to be able to listen closer. On the other hand, the Solar soundstage would be similar to listening in a bar, a bit narrower but the instruments are closer to each other and more in front of you. Though the depth is in my opinion, better than what full size can give. Lastly, the presentation is nice and airy with great resolution. All these things considered, I would say that the Solars is one of the best I've heard in a while in terms of soundstage/presentation.
Overall, I would say that the Solars is a great all-rounder if you happen to be in the market for one. Also, if you're the type that wants music to be presented in a realistic and fun manner then I would 100% recommend the Solars. It can definitely hold its own against other TOTL iems from other manufacturers. Considering also the price, one should definitely put the Solars up
in the list of contenders. As I would say it is one of the best, if not the best bang for the buck IEM in its price range.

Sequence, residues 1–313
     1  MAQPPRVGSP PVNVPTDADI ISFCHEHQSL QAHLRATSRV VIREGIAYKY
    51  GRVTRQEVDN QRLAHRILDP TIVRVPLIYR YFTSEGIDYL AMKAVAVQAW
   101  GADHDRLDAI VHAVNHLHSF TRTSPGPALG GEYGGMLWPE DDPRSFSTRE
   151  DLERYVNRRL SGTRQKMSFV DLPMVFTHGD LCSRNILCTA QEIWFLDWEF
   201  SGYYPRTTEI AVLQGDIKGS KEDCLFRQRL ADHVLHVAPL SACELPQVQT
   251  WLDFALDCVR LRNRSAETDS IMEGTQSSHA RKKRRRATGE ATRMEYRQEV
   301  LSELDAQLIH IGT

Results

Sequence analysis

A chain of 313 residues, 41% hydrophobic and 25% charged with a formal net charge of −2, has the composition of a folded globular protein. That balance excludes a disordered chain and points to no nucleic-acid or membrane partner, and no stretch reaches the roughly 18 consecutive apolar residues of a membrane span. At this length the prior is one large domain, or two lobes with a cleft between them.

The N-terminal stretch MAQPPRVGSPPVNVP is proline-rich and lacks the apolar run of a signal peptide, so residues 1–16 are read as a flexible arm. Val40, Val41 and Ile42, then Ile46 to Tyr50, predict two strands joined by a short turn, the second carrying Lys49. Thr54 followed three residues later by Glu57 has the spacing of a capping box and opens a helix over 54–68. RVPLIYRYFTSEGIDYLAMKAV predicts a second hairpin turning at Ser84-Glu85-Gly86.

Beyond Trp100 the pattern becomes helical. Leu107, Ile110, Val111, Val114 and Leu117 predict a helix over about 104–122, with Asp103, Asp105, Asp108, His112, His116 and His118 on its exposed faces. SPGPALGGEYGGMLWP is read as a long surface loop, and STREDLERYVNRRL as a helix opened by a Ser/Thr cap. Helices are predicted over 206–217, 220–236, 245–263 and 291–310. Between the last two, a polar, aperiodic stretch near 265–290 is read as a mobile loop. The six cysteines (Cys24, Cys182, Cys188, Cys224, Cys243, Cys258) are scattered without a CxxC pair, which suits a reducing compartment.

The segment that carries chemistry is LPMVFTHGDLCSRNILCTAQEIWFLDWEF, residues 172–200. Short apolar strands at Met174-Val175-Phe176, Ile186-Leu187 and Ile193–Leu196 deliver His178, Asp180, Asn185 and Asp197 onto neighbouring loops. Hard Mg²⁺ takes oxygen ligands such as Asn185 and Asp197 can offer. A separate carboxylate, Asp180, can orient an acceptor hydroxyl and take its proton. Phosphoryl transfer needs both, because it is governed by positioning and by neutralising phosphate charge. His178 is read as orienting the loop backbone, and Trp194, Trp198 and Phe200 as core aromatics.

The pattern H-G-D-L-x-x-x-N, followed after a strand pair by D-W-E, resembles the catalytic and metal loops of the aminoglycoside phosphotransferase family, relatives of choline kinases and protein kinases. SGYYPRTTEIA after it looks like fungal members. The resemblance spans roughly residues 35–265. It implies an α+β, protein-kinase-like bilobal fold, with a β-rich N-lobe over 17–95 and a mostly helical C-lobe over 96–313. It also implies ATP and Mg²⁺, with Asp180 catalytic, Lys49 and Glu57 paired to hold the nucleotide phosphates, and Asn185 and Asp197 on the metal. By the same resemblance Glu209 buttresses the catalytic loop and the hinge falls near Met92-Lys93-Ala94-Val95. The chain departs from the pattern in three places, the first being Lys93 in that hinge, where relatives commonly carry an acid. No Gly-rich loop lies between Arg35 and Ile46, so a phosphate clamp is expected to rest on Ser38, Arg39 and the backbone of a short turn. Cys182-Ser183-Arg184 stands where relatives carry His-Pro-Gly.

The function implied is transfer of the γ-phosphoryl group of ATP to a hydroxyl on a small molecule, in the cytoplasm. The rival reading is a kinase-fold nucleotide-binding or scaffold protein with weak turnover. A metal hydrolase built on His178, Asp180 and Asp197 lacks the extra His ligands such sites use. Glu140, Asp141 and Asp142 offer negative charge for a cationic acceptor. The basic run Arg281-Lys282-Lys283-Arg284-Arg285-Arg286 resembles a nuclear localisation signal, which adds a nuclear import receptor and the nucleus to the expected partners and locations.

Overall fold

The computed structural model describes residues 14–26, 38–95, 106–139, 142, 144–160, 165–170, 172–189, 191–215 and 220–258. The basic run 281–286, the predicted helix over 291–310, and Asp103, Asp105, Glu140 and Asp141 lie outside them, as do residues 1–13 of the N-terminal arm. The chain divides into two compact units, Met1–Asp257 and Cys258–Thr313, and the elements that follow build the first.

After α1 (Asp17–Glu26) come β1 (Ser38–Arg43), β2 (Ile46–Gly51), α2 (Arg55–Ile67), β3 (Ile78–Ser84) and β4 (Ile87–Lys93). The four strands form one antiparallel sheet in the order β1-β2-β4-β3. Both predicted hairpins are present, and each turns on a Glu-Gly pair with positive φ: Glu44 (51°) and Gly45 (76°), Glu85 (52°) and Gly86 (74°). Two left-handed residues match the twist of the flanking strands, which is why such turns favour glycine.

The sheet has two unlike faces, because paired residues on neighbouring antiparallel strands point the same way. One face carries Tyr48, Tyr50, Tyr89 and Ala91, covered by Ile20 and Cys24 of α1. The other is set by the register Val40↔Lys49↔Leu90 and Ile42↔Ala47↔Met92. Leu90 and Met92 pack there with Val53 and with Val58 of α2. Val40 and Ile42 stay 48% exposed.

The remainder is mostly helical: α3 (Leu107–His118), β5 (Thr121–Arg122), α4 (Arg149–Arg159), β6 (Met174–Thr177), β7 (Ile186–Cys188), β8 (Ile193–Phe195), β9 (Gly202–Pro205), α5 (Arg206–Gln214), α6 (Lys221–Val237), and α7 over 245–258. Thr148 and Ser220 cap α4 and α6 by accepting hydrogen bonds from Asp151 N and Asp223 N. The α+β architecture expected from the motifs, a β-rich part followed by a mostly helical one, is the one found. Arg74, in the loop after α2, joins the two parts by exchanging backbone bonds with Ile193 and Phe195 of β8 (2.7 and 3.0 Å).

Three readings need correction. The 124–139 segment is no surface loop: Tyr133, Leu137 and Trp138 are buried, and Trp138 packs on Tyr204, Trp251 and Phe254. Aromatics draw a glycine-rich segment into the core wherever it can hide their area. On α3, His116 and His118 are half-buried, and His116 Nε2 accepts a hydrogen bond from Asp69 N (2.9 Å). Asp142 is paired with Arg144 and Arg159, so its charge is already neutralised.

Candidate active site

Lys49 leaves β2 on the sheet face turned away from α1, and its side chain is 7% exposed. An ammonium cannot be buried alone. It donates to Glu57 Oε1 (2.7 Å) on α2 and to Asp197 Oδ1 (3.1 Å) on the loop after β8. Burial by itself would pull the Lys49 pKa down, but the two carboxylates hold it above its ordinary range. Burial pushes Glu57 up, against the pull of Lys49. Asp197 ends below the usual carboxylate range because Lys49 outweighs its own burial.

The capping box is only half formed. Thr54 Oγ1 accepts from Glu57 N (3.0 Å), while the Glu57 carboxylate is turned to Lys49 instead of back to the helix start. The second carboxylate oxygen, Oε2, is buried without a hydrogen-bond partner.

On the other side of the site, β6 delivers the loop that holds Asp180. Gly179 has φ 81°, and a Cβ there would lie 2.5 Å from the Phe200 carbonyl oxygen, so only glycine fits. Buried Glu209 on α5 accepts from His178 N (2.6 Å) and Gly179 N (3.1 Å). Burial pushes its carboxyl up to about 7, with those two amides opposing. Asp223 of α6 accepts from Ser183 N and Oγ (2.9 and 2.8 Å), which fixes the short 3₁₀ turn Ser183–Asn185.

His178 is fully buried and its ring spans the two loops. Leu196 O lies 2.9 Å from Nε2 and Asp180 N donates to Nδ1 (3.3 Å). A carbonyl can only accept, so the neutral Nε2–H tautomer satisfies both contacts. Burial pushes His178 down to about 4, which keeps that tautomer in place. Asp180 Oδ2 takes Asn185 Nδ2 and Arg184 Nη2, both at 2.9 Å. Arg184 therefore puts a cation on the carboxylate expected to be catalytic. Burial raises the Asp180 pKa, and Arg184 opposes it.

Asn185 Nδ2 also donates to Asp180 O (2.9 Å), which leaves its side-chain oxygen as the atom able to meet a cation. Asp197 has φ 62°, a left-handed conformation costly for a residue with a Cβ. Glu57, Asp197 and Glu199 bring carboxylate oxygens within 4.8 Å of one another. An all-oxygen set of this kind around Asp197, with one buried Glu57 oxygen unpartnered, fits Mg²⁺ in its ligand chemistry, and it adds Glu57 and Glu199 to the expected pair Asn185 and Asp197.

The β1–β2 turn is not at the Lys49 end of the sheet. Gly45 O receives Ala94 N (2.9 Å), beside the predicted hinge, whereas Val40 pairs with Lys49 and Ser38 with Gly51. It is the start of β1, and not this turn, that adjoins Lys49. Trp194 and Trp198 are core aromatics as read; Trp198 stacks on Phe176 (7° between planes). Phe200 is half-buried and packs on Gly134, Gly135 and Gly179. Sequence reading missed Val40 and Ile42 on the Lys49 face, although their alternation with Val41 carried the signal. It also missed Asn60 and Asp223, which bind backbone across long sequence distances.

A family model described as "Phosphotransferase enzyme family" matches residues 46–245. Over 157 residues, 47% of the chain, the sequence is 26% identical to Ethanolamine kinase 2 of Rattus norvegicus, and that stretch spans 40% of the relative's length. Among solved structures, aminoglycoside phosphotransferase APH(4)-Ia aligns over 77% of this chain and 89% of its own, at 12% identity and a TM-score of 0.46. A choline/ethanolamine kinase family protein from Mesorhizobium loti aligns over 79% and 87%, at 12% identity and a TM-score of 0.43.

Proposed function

These comparison are based on roughly only 2 hours of auditioning due to time constraints when I met with Sammy. So basically, initial impressions and comparison.
Rhapsodio&Rooth Hybrid Collaboration(MSRP unknown)
First off I would like to thank sammy for giving me the chance to audition these iems. If I had to compare these IEMs, it's like the little brother of the Solars. Like how little brothers are in real life(at least as kids), they are livelier and more in your face type of IEMs. If the Solars are front going to midrow the rooth collab hybrid is on the front row period. Every aspect aside from soundstage is accentuated,
treble is more sparkly, while bass hits hard but not as deep. For me, because the bass hits harder; it felt like the bass is not as fast and sometimes find it difficult to catch up to bass heavy fast paced songs. Also, because of this the sound is a bit muddier and sometimes midrange is slightly overshadowed. As I said earlier in this review, sparkly treble is not my cup of tea and as such the rooth collaboration hybrid is not for people that have similar tastes. Though this is the case, I would highly recommend the IEM to people that mainly listens to rock/pop and just wants to have a great midrange iem.
Rhapsodio Galaxy(MSRP $1600, comes with SG 2.98 as stock cable)